Trickle-down economics has left us with rampant inequality and decimated ecosystems. Redistributive socialism has proved an ineffective add-on to a shot duck of an engine. This is not a political post, but we must heed the warnings of Farage in Britain, Trump in the US and Hanson in Australia.

There is a tendency for those left behind to want to dial back the clock. Back to the warm bosom of monoculture and protectionism.

We must ensure that the promise of the digital economy is inclusive. That automation and AI enable humans to do more amazing things than ever, rather the replace them.

What we do in the next five to ten years will be of unparalleled importance.

I, for one, do not welcome our new digital overlords

We’ve known for some time that we can’t rely on our politicians to lead us in these times of uncertainty. But, we need to be careful of putting too much stock into the titans of Silicon Valley too.

As Douglas Rushkoff called out at this year’s SXSW, the dream of the digital economy was sold up the river. And it’s fast becoming capitalism on digital steroids.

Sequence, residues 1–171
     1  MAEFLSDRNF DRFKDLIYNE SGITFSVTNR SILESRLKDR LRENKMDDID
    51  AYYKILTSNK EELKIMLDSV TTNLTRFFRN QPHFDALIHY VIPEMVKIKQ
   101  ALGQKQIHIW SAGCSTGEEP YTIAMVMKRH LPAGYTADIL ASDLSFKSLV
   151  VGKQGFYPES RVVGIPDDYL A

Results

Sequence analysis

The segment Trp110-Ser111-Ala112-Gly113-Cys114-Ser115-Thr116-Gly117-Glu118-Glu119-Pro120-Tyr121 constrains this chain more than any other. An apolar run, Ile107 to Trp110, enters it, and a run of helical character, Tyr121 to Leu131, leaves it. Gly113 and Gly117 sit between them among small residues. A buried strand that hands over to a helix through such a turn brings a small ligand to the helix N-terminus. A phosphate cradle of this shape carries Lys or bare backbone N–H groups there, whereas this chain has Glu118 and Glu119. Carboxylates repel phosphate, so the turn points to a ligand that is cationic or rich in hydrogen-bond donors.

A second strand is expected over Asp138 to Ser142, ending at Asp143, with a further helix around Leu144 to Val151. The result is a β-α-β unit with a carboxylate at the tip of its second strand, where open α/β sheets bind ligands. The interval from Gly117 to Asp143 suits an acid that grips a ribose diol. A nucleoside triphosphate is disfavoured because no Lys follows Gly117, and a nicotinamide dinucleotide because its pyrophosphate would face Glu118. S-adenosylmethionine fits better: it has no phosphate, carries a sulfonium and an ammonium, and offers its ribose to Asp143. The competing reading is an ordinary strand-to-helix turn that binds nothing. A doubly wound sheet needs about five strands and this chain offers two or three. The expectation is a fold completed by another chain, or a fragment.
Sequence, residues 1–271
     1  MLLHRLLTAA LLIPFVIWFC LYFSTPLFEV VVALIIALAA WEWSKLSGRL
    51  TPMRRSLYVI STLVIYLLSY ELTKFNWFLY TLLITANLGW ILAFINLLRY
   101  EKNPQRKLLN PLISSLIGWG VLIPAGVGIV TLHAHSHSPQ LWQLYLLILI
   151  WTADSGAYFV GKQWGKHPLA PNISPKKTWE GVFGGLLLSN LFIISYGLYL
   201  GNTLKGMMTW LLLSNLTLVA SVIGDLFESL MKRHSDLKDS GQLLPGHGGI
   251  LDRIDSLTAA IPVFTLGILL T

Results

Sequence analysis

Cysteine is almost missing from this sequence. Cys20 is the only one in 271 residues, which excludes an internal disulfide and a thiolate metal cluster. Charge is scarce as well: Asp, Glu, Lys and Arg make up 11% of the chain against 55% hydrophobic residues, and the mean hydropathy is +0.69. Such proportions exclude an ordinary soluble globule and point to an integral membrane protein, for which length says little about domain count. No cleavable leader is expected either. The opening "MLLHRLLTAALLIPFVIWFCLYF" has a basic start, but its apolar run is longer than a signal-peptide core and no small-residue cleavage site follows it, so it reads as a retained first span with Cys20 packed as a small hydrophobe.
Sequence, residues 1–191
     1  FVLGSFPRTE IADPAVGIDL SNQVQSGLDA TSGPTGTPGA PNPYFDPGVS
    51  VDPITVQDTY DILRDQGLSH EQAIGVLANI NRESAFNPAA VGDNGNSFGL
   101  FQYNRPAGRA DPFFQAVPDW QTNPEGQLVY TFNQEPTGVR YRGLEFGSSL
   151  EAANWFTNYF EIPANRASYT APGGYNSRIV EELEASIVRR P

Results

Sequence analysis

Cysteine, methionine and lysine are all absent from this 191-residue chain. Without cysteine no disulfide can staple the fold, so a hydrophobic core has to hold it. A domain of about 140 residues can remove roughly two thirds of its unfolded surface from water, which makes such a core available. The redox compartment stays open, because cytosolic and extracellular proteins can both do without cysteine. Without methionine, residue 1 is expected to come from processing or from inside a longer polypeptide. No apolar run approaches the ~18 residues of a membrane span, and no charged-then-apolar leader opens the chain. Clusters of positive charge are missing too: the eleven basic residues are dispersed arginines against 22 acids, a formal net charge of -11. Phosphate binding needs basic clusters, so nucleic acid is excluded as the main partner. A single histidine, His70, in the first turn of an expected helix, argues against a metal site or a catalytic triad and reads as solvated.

As exciting as these innovations are, no sooner does a new vertical open up than it becomes a platform monopoly (or oligopoly at best). Hoovering all the value out and annihilating the opposition, or leaving them at the margins to pick up the scraps.

As a society, we can’t just blindly feed off the teat of these platforms like we did with TV and expect anything to change.

If we’re not careful, soon we’ll be living in a world where we’ll have all our:

  • News sourced from Facebook
  • Consumables bought from Amazon
  • Holiday accommodation booked via Airbnb
  • Transport hailed via Uber
  • Data tracked, stored and accessed by Google

We are going to have to make some radical changes if we don’t want a world that looks or works anything like this.